Lining Up the Suspects

Let’s play a game of Where’s Waldo?  How many red-stripey-hatted discrepancies can you find in the following newspaper articles? (Or, just skip ahead to where I tell you how many I see.)

First, here’s a nice birth announcement, published in February 1932. Ralph James is my grandfather. Gladys Hooker is the Mrs. mentioned, and the daughter is Geraldine, my half-aunt, who went by Jerry most of her life:

A Daughter - Jerry James

Next, the line-up of other suspects:

In November 1931, three months before Jerry’s birth announcement, the following article appeared in the local paper:

Mrs. Gladys James, 28, 216 Twelfth avenue, was awarded a divorce from Ralph E. James, 30, whom she charged with cruelty. They were married June 20, 1931 at Rock Port, Mo. Mrs. James was given full custody of her daughter, Geraldine, 2, and $25 alimony a month by stipulation.

In August 1941, a petition for divorce appeared:

SEVEN SEEK DIVORCE…Gladys from Ralph James, married here (Council Bluffs, Iowa) March 10, 1931.

And finally, this article appeared in January 1943:

 

How many discrepancies did you come up with?

I count 8. There are the three different marriage dates and two locations. That’s 5. There are two different announcements of divorce spanning 12 years. In that last article, Jerry is described as an 11-year-old son. And the biggest one…

Drum roll, please…

is the fact that my grandfather was paying $25 in alimony a month BEFORE HIS DAUGHTER WAS ACTUALLY BORN.

What is going on?

This sort of thing is where the genealogical proof standard comes in handy. Looking at all the information I’ve uncovered, not just the documents I’ve shown here, I’ve come up with some theories. I am currently casting my research nets based on these theories. Please tell me if they seem feasible or not.

Discrepancy #1: the big one. Jerry’s existence before she was born is actually pretty easily explained. If you’ve been following this series about my grandfather, you’ll remember there’s another daughter in the family, Barbara Schmidt. She would have been 2 years old in November 1931. Also, Gladys would have been 6 months pregnant with Jerry at the time this article was written. The journalist probably got confused by the daughters’ names…

Which leads me to Discrepancies 2-5: the first two wedding dates and locations.  We have June 20, 1931 in Rock Port, Missouri; and March 10, 1931 in Council Bluffs. I have not found any marriage records yet, but I think I know what this is about. The article with the June date was published BEFORE Jerry was born. 8 months before, in fact. Rock Port, Missouri, is the first town just on the other side of the Iowa border, probably the best place for a couple to marry quickly and anonymously. The second date is 11 months before little Jerry came along, and it was printed AFTER Jerry was born. If people knew how old she was, they could do the same math that I just did. Probably Gladys lied to make that math add up. So, all fingers point to the first date and place being correct.

Discrepancies 6-7: the third wedding date and the two different divorce announcements. So, if Gladys and Ralph divorced in November 1931, that would be five months after their shotgun wedding. It’s probably safe to assume their relationship was rocky. Gladys must have left for a time after this announcement, but then came back. The 1936 wedding date was probably their second marriage.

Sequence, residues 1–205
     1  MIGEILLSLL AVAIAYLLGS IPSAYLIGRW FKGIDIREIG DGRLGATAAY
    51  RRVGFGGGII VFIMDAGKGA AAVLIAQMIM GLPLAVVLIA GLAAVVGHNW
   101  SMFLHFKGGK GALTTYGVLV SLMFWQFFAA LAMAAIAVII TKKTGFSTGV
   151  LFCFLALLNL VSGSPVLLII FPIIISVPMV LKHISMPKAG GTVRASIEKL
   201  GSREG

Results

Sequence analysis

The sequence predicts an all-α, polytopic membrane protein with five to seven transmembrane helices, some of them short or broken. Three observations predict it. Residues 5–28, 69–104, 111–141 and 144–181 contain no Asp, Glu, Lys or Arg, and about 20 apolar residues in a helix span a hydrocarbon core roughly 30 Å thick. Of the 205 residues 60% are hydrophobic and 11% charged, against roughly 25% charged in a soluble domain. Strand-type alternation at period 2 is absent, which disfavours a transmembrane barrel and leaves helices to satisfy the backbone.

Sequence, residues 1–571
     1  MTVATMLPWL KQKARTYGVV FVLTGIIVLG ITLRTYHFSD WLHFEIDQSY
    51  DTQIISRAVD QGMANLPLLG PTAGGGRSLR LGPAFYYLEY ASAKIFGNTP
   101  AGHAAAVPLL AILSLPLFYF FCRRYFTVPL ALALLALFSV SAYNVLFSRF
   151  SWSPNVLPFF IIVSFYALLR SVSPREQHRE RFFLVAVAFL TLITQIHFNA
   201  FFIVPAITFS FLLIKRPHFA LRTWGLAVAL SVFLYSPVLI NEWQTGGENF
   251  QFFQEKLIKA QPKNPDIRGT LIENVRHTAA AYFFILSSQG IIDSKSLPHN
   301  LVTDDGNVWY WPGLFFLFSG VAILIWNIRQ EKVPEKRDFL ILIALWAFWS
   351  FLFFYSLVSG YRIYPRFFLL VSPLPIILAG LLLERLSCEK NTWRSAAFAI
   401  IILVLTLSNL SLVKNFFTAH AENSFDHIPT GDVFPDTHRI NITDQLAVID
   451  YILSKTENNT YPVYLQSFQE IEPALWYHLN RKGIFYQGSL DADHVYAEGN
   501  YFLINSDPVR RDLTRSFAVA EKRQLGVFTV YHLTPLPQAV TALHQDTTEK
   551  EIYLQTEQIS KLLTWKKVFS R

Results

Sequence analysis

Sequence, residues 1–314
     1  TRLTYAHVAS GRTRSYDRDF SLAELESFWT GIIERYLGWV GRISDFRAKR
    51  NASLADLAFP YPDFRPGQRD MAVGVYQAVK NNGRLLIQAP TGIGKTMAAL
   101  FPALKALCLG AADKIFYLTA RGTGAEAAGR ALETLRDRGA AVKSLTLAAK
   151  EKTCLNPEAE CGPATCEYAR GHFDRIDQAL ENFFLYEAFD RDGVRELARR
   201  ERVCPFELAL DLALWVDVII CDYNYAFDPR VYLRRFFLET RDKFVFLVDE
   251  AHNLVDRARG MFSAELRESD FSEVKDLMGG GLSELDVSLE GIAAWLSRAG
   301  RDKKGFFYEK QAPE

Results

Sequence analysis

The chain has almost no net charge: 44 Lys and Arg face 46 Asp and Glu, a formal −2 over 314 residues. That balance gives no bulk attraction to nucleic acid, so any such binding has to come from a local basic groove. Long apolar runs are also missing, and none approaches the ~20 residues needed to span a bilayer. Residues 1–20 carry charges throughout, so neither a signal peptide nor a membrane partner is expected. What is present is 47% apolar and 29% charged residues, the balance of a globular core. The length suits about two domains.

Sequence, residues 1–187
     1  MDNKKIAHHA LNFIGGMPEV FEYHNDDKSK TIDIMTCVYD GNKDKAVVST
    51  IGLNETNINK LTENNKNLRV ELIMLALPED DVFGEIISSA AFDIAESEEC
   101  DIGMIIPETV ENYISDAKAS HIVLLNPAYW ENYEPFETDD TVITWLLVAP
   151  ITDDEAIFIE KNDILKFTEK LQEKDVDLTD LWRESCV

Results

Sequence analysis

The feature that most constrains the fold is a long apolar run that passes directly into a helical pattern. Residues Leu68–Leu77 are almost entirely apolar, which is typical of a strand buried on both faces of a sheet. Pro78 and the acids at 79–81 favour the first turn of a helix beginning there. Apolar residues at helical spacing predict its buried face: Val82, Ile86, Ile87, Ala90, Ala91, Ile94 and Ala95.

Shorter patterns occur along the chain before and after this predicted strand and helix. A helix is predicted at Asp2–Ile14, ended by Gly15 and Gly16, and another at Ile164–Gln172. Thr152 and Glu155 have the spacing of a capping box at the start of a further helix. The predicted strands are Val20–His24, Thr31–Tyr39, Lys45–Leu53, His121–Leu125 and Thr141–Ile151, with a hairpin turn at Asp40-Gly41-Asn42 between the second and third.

Discrepancy #8: their 11-year-old son. Her name is Jerry. The journalist probably just assumed the wrong gender when Gladys mentioned her.

Whew! I know. That was a lot. But I love the logic puzzle genealogy so often presents to me, and I love what the differing information tells me about my ancestors’ lives. I’d love to hear where you’d go next if this were your problem to solve.

Confused? Start at the beginning of this series.

All sources for the documents mentioned can be found here.

Looking for a more formal biography of my ancestors? Whoo hoo! I thought of that, too.

 

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5 Replies to “Lining Up the Suspects”

  1. This story continues to fascinate me. I feel like I’m just barely holding on to the details – that happens when my brain encounters numbers – but I’m still with you and as curious as ever! Love genealogy mysteries!

  2. Lies plus multiple errors, phew! I used to work as a newspaper reporter for a small town, and when I didn’t want to write a story that I deemed unimportant, my editor would remind me that we were the “paper of record.” It’s cool to think about someone all these years later using those stories for research. (Or, more likely, those planning and zoning committee meetings weren’t so important after all.)

  3. Goodness, it’s like a mystery novel about your own family! Very cool! I remember being a teenager, visiting Scotland with my parents. My mom is really into geneology so we traveled around and found where ancestors used to live and basically dug up grave stones where they’d been ignored for a long time. It was one of my favorite trips over there!

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